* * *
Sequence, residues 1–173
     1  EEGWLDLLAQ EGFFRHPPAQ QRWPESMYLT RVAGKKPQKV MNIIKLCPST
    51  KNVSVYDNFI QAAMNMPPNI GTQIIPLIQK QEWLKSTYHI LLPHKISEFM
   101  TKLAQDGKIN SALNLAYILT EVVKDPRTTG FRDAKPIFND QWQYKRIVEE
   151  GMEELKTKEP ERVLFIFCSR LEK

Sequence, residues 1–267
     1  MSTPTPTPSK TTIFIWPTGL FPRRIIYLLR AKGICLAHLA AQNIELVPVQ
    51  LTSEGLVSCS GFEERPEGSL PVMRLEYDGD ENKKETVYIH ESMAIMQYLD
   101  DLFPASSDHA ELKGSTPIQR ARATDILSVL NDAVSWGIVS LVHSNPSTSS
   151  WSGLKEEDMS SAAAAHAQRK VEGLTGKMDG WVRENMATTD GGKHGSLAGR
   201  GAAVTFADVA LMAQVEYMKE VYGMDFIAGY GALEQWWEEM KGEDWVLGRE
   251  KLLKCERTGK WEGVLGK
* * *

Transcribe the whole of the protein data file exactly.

Sequence, residues 1–173
     1  EEGWLDLLAQ EGFFRHPPAQ QRWPESMYLT RVAGKKPQKV MNIIKLCPST
    51  KNVSVYDNFI QAAMNMPPNI GTQIIPLIQK QEWLKSTYHI LLPHKISEFM
   101  TKLAQDGKIN SALNLAYILT EVVKDPRTTG FRDAKPIFND QWQYKRIVEE
   151  GMEELKTKEP ERVLFIFCSR LEK

Sequence, residues 1–267
     1  MSTPTPTPSK TTIFIWPTGL FPRRIIYLLR AKGICLAHLA AQNIELVPVQ
    51  LTSEGLVSCS GFEERPEGSL PVMRLEYDGD ENKKETVYIH ESMAIMQYLD
   101  DLFPASSDHA ELKGSTPIQR ARATDILSVL NDAVSWGIVS LVHSNPSTSS
   151  WSGLKEEDMS SAAAAHAQRK VEGLTGKMDG WVRENMATTD GGKHGSLAGR
   201  GAAVTFADVA LMAQVEYMKE VYGMDFIAGY GALEQWWEEM KGEDWVLGRE
   251  KLLKCERTGK WEGVLGK